Throughout the history of Microsoft’s ERP and CRM product lines, there’s pretty much always been speculation about whether MS would spin off the MBS business if the right amount of money was offered for it. Being an island of its own certainly helped in envisioning how such a transaction could take place, since the bidder would have gotten not just a piece of source code but the whole organization and partner network around the products. When you put your Dynamics CRM glasses on (hey, even I don’t wear them all the time!) such idea never seemed like a very happy path for neither MS nor the potential buyer. There’s hardly any other product in the MS portfolio that pulls in such a broad range of the Microsoft technology stack when deployed for a customer organization, so trying to untangle it from these roots would be potentially disastrous for the product, in addition to causing MS to lose far more revenue than direct CRM license sales. I can’t speculate much about the Dynamics ERP products due to lack of hands-on experience in deploying them, but spinning off Dynamics CRM after the most recent move seems even less likely than it was to begin with.
Then again, we should keep in mind that just a while ago Nadella was seriously considering to acquire its nr. 1 competitor, Salesforce, if we are to believe the reports about the $55 billion offer made. If the results of these talks would have been different, we might have been now talking about Microsoft with not just 1 CRM and 4 ERP products but with two huge CRM platforms in its pocket. Not to mention all the underlying infrastructure and technology with which Salesforce competes with Azure, the world’s largest developer conference Dreamforce etc. This would have surely been a very different “State of Dynamics” post in that alternate reality. So, it’s good for us to keep in mind that at the end of the day it’s really just business, not software, and strange things can happen when the big boys are competing with one another.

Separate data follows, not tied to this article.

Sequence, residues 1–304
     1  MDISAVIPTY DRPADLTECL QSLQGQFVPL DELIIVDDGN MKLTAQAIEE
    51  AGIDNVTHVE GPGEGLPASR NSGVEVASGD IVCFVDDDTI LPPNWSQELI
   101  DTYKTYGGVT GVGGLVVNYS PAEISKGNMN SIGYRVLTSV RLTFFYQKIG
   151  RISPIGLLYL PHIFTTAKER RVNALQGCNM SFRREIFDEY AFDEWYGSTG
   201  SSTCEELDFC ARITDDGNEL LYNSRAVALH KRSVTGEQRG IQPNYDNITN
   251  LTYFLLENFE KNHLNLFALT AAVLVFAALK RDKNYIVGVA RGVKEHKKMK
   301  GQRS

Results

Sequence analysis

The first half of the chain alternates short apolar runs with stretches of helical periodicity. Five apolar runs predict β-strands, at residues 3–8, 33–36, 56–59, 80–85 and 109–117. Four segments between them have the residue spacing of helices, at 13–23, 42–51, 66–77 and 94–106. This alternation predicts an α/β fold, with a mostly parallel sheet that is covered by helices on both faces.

The Dynamics of Azure
Back to the present day, what we now know for sure to be the near term agenda for Microsoft is to move the Dynamics CRM and ERP engineering teams to the Cloud + Enterprise group. So, what do they actually build there in C+E? Well, obviously anything to do with Azure, for starters. Then there’s the server & tools side of things, like SQL Server and Visual Studio. Power BI and BizTalk must also be familiar names for anyone who’s worked in Dynamics CRM projects. What doesn’t fall under C+E is all things Office, meaning products like SharePoint, Exchange, Skype, OneDrive and other productivity tools commonly found from Office 365 subscriptions – and naturally used alongside Dynamics CRM. So why is Dynamics being grouped together with the platform tech and not the productivity apps?
C+E is actually the group that Nadella used to run before being appointed as MSFT CEO. In case you’ve forgotten, Nadella was also leading MBS up until spring 2007 (at which point Kirill Tatarinov was appointed as his successor). For old times sake, here’s a snippet from his farewell post on the “Frontiers of Business Applications” blog:
“We made tremendous progress with Dynamics ERP, CRM and Office Small Business product lines. Six years ago we were not a player in biz apps… the acquisitions in ERP got us to leadership position in mid market and now we are contender in Enterprise. CRM has helped us grow the fastest server product line in Microsoft’s history and now poised to offer “choice” of LIVE service.”